Food Retail Sales Increase Despite Critical Agri-Food Labour Issue
Irish food retail sales rose by 3.8% in the third quarter of the year, compared to the same period last year, according to Food Drink Ireland's (FDI) quarterly Business Monitor.
This is higher than the EU average of 3.1%, but behind that of the UK, which grew by 4.4%.
This increase is despite a 2.5% drop in food prices in the third quarter of this year against the previous year.
Food & Non-Alcoholic Beverages fell by 2.2% due to lower prices across a range of products such as meat, bread & cereals and sugar, jam, honey, chocolate, and confectionery.
Food Prices decreased by 2.2% in the year to October and the price of Non-alcoholic beverage decreased by 1.4% in the same period.
The retail sector was greatly boosted by the growth in population, employment, and wages, which saw consumer spending this year grow by 5% in value this year, with volumes growing by 3.8%.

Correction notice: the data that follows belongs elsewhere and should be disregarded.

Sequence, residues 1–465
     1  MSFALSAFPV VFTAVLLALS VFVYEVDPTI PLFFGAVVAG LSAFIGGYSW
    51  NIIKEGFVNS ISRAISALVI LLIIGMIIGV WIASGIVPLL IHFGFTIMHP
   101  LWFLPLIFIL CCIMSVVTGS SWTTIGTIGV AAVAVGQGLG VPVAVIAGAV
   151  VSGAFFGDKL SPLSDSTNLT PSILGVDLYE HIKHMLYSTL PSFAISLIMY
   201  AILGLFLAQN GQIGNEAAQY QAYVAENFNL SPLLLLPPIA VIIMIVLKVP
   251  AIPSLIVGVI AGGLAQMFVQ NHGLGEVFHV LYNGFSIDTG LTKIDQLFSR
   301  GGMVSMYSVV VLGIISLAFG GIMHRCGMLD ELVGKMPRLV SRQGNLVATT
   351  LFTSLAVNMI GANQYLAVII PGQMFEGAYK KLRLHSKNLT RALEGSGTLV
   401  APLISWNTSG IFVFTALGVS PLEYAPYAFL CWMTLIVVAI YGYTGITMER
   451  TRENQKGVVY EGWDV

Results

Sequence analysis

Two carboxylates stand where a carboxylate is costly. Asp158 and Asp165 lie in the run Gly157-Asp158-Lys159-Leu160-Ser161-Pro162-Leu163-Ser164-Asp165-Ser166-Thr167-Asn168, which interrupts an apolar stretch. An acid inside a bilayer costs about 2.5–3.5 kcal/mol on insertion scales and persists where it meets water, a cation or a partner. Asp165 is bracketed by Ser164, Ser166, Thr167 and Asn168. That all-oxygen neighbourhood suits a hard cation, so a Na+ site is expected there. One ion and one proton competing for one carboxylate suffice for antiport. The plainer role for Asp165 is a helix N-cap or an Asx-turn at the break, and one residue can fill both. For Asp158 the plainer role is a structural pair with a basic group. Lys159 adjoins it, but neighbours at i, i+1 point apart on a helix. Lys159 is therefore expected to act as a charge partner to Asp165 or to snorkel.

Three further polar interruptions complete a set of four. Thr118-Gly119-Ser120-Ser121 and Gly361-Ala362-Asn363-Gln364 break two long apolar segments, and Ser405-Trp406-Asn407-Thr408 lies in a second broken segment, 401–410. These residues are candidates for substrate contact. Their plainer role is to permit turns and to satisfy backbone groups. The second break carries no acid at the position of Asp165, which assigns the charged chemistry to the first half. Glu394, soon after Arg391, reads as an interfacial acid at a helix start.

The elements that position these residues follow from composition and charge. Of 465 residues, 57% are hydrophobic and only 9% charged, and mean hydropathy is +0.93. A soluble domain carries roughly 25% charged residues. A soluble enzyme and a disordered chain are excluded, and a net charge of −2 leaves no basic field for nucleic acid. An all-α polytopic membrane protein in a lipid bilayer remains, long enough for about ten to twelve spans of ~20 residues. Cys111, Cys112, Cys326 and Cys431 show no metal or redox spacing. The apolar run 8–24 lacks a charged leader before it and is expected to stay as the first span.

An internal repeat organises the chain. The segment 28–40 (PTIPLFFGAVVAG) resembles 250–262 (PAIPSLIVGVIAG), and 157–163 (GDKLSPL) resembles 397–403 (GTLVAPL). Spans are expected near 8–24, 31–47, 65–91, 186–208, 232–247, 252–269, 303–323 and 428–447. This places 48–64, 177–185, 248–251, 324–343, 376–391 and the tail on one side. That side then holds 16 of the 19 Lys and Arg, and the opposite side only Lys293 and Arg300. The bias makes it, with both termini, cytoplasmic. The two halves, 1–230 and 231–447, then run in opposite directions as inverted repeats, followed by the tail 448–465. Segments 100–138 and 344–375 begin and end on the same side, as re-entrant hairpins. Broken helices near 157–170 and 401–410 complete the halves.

The agri-food industry is, however, facing an internal crisis, according to FDI Director Paul Kelly, who said that labour availability in the industry is now a critical issue.
“Despite the ongoing significant efforts to recruit from the Irish and European labour force, the critical nature of the current situation is deepening as the economy approaches full employment again,” Kelly said.
“The situation has now deteriorated to levels where it is having a real impact at individual factory level and negatively impacting the ability of companies to plan for expansion and indeed to meet day-to-day operational demands to service existing customers.”
FDI has called on the Government to urgently extend the employment permit schemes across the food processing sector so that labour shortages do not impact on existing business and growth prospects.
Kelly said that it is important to ensure the skills base of existing employees reflects the challenges of future growth in existing and new markets, rather than current business demands.
© 2018 Checkout – your source for the latest Irish retail news. Article by Aidan O’Sullivan. Click subscribe to sign up for the Checkout print edition.